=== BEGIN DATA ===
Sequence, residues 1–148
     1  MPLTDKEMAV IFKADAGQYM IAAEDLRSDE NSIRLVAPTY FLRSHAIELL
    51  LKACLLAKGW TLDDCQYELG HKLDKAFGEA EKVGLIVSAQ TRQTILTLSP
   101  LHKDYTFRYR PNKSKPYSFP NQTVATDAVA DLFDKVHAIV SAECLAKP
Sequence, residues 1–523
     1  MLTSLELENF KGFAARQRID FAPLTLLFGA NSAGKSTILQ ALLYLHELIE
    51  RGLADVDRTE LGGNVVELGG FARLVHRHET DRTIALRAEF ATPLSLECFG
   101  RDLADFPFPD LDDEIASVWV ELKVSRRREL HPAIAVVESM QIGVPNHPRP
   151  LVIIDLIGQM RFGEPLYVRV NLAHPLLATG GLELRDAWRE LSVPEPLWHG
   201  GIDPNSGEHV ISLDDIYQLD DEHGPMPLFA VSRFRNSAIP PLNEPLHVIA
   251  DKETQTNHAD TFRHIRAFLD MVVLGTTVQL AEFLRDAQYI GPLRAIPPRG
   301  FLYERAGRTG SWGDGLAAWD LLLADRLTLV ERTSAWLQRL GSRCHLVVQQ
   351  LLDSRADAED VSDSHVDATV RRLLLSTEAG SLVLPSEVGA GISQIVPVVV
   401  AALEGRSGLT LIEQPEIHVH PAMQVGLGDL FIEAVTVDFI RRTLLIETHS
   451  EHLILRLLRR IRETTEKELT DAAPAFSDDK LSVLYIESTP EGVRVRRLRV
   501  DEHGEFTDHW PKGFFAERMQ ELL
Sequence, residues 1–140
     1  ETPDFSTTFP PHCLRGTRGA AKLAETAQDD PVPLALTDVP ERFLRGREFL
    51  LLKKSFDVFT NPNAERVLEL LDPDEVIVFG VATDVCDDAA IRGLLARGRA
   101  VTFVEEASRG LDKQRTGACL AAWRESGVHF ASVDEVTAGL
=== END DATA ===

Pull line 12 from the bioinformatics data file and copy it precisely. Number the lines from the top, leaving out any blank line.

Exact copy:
   301  FLYERAGRTG SWGDGLAAWD LLLADRLTLV ERTSAWLQRL GSRCHLVVQQ